IE 11 is not supported. For an optimal experience visit our site on another browser.

Clinton Foundation faces fresh scrutiny

The Clinton family's charitable foundation is defending its fundraising practices amid renewed fresh scrutiny of its donors.

The Clinton family's charitable foundation is defending its fundraising practices amid renewed scrutiny of its donors, and it's promising to take “appropriate” measures if former secretary of state Hillary Clinton runs for president.

The Clinton Foundation, started by former president Bill Clinton after he left the White House, has come under fire this week after the foundation disclosed information about its recent fundraising that raised fresh questions about potential conflicts of interest. 

RELATED: Behind Hillary Clinton’s 2016 campaign launch window

For instance, The Wall Street Journal reported that the foundation has quietly started accepting money from foreign governments, including an agency of the Canadian government responsible for promoting the controversial Keystone XL pipeline, which would carry tar sands from Canada to the U.S. Gulf Coast. And The Washington Post noted overlaps between the Clintons’ philanthropic and political donor networks. 

The Clinton Foundation's relationships with corporations and wealthy donors have been an issue in the past and could come up on the campaign trail if Clinton decides to run for president in 2016. Both liberal Democrats hoping for an alternative to Clinton and Republicans trying to defeat her will likely see the revelations as a confirming some of their worst suspicions about the likely Democratic front runner, whom both camps portray as out of touch and too close to powerful interests.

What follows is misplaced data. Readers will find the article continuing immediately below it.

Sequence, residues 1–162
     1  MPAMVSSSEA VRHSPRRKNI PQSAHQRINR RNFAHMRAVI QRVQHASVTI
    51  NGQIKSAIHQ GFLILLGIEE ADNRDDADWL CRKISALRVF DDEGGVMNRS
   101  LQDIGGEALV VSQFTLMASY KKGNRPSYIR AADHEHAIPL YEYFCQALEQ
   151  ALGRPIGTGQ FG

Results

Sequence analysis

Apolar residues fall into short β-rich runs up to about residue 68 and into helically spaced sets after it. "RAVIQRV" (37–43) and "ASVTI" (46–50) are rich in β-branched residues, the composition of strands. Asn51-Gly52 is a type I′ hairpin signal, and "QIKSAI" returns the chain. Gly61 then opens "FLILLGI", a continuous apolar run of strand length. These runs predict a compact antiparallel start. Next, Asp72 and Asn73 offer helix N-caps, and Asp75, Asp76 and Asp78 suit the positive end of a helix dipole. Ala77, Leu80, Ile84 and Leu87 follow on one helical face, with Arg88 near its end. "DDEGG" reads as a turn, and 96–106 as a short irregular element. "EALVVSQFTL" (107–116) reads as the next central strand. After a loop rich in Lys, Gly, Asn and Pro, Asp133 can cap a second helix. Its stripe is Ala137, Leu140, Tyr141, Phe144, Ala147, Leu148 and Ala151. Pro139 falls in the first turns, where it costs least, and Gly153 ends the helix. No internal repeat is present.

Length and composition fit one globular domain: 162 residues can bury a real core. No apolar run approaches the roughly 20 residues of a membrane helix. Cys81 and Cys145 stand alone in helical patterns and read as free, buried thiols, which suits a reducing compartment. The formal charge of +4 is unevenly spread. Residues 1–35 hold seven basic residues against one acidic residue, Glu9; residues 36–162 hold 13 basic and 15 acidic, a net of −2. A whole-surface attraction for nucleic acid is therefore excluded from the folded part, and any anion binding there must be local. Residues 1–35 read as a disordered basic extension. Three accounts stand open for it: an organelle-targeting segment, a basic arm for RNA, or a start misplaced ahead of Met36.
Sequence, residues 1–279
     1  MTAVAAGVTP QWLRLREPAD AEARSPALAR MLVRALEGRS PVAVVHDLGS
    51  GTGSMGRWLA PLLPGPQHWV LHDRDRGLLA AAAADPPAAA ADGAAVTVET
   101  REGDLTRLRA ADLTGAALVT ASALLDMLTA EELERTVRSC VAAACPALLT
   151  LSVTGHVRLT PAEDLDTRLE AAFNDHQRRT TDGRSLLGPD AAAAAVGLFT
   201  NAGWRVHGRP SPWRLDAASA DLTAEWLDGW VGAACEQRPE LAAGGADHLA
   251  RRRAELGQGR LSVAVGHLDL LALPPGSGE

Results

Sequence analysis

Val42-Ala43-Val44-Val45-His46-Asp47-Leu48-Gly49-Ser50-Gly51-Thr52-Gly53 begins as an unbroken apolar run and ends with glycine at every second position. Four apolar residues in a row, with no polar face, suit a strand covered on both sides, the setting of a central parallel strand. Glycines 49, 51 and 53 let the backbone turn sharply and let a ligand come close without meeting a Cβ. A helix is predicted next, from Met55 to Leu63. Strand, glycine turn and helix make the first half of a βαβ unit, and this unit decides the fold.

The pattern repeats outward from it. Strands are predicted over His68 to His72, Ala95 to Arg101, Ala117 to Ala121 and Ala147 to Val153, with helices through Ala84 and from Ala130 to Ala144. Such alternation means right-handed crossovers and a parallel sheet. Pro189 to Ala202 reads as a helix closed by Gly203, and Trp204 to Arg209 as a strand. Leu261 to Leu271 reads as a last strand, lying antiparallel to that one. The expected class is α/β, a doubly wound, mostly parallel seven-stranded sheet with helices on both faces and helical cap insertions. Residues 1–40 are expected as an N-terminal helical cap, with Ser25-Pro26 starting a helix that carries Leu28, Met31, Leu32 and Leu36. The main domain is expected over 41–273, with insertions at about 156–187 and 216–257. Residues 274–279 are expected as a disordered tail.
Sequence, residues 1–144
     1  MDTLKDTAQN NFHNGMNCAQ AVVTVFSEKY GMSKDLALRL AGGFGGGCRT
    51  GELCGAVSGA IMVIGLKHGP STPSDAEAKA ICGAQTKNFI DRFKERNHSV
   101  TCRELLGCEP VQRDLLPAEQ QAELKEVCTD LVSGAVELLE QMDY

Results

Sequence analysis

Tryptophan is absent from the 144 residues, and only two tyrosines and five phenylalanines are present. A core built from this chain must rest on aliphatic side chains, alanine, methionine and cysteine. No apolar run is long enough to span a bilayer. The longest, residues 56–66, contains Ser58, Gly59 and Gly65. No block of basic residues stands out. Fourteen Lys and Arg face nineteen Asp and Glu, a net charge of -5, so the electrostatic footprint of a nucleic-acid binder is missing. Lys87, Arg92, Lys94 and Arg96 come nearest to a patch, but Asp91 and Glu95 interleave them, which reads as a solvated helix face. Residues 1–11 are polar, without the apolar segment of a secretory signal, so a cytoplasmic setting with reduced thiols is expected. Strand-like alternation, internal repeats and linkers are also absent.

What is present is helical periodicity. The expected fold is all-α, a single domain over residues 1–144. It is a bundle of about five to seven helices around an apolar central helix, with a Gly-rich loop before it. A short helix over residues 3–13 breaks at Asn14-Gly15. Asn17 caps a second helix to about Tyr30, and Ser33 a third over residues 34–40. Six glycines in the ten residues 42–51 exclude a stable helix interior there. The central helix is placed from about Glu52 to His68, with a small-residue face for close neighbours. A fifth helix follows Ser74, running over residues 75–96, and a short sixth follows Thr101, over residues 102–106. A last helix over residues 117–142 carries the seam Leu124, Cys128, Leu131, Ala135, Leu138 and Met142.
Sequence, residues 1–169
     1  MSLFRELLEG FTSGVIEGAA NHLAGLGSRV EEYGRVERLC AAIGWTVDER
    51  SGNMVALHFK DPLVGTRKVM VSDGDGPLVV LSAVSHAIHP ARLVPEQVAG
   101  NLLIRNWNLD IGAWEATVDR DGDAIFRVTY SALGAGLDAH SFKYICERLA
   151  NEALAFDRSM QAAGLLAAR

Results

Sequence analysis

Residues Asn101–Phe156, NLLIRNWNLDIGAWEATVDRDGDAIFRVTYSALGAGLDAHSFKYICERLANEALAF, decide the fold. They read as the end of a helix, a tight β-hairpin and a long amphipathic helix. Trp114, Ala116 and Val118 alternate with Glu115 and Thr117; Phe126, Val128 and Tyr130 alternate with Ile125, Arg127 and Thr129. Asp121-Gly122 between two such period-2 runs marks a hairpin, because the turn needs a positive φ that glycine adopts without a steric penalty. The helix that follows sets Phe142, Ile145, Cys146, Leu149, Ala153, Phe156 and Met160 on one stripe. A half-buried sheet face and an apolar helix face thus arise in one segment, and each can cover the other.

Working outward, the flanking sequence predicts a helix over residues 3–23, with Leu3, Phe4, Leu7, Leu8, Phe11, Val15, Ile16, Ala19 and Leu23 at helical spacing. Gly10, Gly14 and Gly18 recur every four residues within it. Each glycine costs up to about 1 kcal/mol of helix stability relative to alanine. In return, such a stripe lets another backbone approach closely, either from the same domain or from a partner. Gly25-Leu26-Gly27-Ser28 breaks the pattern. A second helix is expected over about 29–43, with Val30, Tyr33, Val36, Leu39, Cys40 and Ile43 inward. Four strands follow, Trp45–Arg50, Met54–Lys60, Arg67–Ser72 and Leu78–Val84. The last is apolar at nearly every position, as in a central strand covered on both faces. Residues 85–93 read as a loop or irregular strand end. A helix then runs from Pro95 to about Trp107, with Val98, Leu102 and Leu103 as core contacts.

Republicans were quick to seize on the new reports, suggesting that donors were trying to buy access to a potential future president though gifts to the foundation, while even some Democrats expressed unease. Some environmentalists, meanwhile, said the donations from the Canadian government and oil and gas companies raised “red flags.”

Republican National Committee spokesperson Michael Short said, “[It] looks like voters would have to worry about a lot more than the Lincoln Bedroom being for sale if Hillary Clinton were president,” a reference to a scandal from the Clinton administration where donors were given access to the White House.   

The reports keep “ethics questions swirling and conflict-of-interest charges coming as Hillary hides from voters,” Short said later. Clinton has not made a public appearance in about a month, but is set to address a Silicon Valley women’s conference next week.

In a statement Thursday night, the Clinton Foundation defended itself and said it will review its practices if Clinton runs for president. “Like other global charities, the Clinton Foundation receives support from individuals, organizations and governments from all over the world. Contributions are made because the foundation's programs improve the lives of millions of people around the globe,” the statement said.

RELATED: Clinton challengers head to Iowa

“Should Secretary Clinton decide to run for office, we will continue to ensure the foundation's policies and practices regarding support from international partners are appropriate, just as we did when she served as secretary of state,” it continued. 

When Clinton became secretary of state in 2009, similar questions about the perception of conflict of interest were raised. The Obama administration and the Clinton Foundation struck a deal to limit the foundation's fundraising practices, including curbing donations from foreign governments. And the foundation agreed to disclose far more about its fundraising than is typically required of charities. 

The Clinton Foundation has said it has raised nearly $2 billion since its creation, the vast majority of which goes to program costs in a wide range of areas. The foundation has been on an intense fundraising drive and it tries to build a $250 million endowment, in part to ensure it can continue its work even if the Clintons retake the White House and have their philanthropic activities limited.